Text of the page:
Getting older can take a toll on hopefulness. By now, we’re no strangers to pain and suffering. Sometimes it’s a challenge to remain upbeat, but it can be done.
According to Paula Davis-Laack, hopeful people share four core beliefs:
1. the future will be better
2. they have (some) power to affect their futures
3. there are many paths to their goals
4. they believe in their ability to overcome obstacles.
What if you don’t believe any or all of those things? You can change. There’s science behind the strategy of fake it til you make it. Personally, I went from being pathologically shy to a gregarious public speaker; a person can change by acting as if she believes. And the change can be more far-reaching than you’d expect.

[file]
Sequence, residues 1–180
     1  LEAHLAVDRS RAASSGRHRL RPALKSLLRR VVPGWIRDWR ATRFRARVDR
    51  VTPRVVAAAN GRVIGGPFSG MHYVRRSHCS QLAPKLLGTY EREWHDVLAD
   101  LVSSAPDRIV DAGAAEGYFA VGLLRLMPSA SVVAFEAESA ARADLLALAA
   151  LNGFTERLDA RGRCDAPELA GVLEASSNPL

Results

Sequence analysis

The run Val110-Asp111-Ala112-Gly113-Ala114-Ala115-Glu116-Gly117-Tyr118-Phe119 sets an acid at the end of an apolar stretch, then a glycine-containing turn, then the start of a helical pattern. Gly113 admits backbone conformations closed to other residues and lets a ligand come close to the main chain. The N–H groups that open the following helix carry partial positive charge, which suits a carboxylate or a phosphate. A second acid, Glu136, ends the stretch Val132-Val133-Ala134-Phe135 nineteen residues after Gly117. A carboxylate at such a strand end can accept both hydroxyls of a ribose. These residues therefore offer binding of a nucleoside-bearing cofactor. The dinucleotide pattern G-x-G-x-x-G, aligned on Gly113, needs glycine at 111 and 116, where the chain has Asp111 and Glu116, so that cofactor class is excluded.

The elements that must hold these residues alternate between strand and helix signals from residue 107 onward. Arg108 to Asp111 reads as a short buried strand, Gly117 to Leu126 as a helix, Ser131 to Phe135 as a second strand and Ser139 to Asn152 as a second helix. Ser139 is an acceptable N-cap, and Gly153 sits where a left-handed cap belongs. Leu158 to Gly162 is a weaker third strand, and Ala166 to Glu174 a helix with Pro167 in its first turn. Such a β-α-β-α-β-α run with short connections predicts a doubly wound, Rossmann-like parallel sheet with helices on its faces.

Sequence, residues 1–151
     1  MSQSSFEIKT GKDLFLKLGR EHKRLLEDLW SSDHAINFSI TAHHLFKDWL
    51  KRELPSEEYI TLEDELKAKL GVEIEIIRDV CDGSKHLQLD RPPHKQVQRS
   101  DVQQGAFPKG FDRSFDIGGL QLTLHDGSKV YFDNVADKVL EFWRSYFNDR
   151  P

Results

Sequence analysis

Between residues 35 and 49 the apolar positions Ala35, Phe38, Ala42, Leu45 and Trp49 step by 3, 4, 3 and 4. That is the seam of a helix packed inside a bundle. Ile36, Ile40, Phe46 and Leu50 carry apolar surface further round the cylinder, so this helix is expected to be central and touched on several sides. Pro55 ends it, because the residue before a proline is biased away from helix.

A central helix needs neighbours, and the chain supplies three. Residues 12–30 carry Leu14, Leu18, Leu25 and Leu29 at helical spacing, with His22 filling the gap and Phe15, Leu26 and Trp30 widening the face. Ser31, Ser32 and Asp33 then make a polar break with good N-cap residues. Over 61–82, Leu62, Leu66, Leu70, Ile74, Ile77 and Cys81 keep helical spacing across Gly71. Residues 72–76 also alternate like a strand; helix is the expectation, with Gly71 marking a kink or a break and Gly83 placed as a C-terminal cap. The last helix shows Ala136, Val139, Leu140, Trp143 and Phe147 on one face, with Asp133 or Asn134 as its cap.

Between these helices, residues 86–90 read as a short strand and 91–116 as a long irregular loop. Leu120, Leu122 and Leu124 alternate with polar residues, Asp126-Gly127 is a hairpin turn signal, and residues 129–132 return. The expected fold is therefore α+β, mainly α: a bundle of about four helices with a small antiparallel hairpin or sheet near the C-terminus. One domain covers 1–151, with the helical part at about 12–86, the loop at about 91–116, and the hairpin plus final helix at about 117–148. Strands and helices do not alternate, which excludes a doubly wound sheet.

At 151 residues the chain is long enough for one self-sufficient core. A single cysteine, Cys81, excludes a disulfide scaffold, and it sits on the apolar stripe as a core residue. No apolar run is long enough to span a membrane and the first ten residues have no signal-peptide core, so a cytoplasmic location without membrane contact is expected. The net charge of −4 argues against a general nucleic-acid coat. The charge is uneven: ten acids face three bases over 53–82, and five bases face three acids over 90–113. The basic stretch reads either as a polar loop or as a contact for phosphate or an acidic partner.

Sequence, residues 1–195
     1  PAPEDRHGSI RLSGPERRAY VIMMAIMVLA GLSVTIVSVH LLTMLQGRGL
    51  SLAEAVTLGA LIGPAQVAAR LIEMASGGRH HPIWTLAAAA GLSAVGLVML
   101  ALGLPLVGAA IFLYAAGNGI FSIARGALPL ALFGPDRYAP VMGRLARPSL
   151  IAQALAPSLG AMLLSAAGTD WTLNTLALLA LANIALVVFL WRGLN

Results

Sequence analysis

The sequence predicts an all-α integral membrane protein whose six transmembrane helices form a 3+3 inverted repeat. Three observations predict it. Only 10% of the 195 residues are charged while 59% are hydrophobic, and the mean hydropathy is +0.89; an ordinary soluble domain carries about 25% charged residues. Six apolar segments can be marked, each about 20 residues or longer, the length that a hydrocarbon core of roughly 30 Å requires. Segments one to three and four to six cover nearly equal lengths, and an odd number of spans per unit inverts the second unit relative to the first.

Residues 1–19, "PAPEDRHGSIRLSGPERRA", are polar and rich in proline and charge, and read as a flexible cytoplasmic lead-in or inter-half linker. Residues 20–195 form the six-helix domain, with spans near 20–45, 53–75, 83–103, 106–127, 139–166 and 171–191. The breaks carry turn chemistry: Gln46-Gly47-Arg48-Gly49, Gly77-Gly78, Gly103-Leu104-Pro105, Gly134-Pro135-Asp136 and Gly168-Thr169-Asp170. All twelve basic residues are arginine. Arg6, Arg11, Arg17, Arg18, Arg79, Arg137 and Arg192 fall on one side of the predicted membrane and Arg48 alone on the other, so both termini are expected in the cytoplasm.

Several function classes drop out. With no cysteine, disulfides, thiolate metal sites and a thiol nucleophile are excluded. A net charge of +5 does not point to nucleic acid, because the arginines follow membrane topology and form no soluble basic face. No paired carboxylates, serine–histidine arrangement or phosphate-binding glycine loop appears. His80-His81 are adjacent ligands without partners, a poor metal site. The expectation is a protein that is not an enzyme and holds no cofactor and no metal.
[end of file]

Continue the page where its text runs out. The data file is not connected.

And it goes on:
According to Dr. Daniel G. Amen, a clinical neuroscientist who wrote Change Your Brain, Change Your Life, it’s possible to change your brain such that your future generations’ brains will be affected. I recommend his book, but in the meantime, here’s a list of Dr. Amen’s 100 Do’s and Don’ts for optimal brain function and health.
One of the pleasures of my older age is developing the ability to control my thought patterns and moods. Have you discovered this too?